5. Stir Crazy – Okay, we are all going a little nuts around here. Me, my students, even my dogs. Winters are HARD! I feel so bad for this toy monkey, but then I realize he is pretty much a metaphor for my life. We are in the heart of winter and in for at least another 2 and a half weeks of freezing temperatures. I miss sun! At least I have little dogs who can get a lot of exercise just playing inside. For my students, on the other hand, indoor recess isn’t cutting it. We need an outlet for all our energy! Maybe a roller skating field trip?
I had a great time this week teaching a Children and Adolescent Literacy Course to graduate students in the Reading Program at Viterbo University. I met so many awesome, motivated, passionate, and knowledgeable teachers. I know I learned as much from them as they learned from me – what a win-win!
We started each day by reading a children’s book and discussing how we might use this in our own classrooms. We looked for concepts, language, intertextual connections, and how to use the literature to encourage joy and a love of reading.
As a class, we also read “Readicide” by Kelly Gallagher and “Book Whisperer” by Donalyn Miller as our textbooks. We had many discussions about the challenges we face in education today, and what we can do now to start a grass roots movement to begin a positive change.
Each day, every teacher took a turn sharing a favorite literacy resource. This was maybe the most powerful and informative thing we did all week. If you put a group of passionate, driven teachers together in a room and ask them to share their favorite resources, you are going to walk away with an amazing list of classroom-tested ideas to try. I have so many cool new tools to try in the fall!
Other topics we discussed this week included Independent reading, close reading, incorporating reading and writing, using technology effectively, multimedia, vocabulary, and encouraging a school wide reading culture. We put all of our resources and ideas on a wiki so that we could reference them throughout the year.
For their final project, my students had to create a literacy unit that they could use in their own classrooms next year. It had to include an anchor text, intertextual connections to another expository text, multimedia, vocabulary, close reading, prior knowledge, and text analysis. They made some really great units that they should be so very proud of!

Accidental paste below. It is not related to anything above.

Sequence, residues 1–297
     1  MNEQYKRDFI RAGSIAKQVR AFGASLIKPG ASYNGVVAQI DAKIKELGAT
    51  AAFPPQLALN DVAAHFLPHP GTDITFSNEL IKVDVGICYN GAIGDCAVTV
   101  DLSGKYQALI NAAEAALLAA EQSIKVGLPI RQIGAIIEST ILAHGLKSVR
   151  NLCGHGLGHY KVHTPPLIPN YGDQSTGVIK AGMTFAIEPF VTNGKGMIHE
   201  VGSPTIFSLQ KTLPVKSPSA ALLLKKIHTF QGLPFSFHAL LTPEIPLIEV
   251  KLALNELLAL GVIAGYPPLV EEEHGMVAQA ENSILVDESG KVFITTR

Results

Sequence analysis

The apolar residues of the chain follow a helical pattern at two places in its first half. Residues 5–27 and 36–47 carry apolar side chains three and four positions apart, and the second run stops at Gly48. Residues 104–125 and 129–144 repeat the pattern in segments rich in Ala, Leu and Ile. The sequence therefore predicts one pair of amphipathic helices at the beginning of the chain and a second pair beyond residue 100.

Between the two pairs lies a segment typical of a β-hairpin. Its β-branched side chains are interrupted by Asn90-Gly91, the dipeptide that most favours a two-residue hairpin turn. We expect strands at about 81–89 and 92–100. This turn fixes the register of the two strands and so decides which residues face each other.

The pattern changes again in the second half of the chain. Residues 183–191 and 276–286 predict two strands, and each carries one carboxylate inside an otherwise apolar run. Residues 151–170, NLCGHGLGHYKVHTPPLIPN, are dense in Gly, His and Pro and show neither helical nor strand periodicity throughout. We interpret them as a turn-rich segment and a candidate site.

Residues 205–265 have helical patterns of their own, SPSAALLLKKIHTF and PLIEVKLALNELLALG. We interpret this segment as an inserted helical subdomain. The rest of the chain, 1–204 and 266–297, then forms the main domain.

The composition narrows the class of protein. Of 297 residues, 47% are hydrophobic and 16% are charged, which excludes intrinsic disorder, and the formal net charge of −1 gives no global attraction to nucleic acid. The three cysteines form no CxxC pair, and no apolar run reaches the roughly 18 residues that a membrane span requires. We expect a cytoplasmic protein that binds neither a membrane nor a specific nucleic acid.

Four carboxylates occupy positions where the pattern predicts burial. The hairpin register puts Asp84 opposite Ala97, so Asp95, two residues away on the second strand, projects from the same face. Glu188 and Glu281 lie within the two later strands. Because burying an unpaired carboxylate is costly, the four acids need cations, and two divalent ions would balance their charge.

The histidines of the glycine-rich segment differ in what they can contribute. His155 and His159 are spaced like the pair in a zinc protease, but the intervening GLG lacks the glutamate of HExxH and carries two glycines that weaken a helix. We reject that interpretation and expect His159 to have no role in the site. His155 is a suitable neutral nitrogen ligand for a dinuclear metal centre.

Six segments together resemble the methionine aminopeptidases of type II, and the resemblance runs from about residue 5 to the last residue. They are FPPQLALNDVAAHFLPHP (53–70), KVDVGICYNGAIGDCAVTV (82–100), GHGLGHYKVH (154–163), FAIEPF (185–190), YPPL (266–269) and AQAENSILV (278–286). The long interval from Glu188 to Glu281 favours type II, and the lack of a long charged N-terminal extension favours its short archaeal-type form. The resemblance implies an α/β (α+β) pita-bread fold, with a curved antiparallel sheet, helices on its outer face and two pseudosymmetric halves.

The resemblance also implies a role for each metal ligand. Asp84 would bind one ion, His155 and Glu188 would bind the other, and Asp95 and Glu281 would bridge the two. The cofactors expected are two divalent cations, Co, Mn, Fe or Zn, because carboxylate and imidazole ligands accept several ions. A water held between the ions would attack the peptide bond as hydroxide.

It was an exhausting week, but in a really great way. I met so many wonderful people and I’m so very reinvigorating for teaching reading in the fall. I can’t wait to teach this course again!
Week 31 is over? Where did it go?! Time to celebrate the highlights!
1. Championship – Today is the final day in our March Madness Book Bracket! It all comes down to the final two: Divergent vs. Catching Fire. I’ll be back to let you know which post-apocalyptic dystopian novel won!
Speaking of Brackets, I gotta brag. I had Wisconsin in the Final Four, and my students said I had lost my mind. Well who’s laughing now, eh guys? ON WISCONSIN!
2. Show Me – My students recently completed our unit on Show Me or Descriptive Language. I’ve been teaching this unit for 7 years, and it is definitely one of my favorites. We have such creative, inspired authors that can really capture a moment. I am sharing a sampling of their beautiful work above.
3. April Fool’s Day Prank – So I was lucky this year (knock on wood) and did not fall prey to an April Fool’s Day Prank. I usually have at least one student try to pull a fast one – but no! Harumpf. Well, I did my best to fool them. I have several students who are always begging for food. I used to have loads of snacks and granola bars in my cabinets, but I can’t seem to keep up with their appetite. Now I save my food for students who forgot breakfast or lunch, not students who just need a snack. Anyway, on April Fool’s I offered my Hungry Hippos a “Brownie” I made especially for them. They were not very happy with me! Some students even ate the paper. Yeah – this is what you are missing out on if you don’t teach middle school. Goof balls!
4. Chapter 6! This week I seriously busted my BUTT and finished Chapter 6 of my dissertation. I reached 393 pages – wow! But ‘finished’ is a funny word, you see, because it isn’t really finished. Not until my committee all get a crack at it and probably give me another month or two worth of revisions. But STILL, I am super pumped and proud of myself. I feel like I have rounded the corner and I see the finish line. It’s a mirage, because I can’t really tell how near (or far) the finish line is, but the point remains – I see it exists. Can’t wait for the next steps!